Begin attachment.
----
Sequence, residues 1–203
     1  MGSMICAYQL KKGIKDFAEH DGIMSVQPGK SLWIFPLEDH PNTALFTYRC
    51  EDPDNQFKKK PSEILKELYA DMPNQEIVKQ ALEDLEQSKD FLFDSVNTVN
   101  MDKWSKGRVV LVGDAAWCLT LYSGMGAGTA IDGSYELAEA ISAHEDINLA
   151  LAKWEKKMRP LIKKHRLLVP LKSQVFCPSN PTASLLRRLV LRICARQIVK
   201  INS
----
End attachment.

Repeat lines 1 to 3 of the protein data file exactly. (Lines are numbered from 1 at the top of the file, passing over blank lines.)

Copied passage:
Sequence, residues 1–203
     1  MGSMICAYQL KKGIKDFAEH DGIMSVQPGK SLWIFPLEDH PNTALFTYRC
    51  EDPDNQFKKK PSEILKELYA DMPNQEIVKQ ALEDLEQSKD FLFDSVNTVN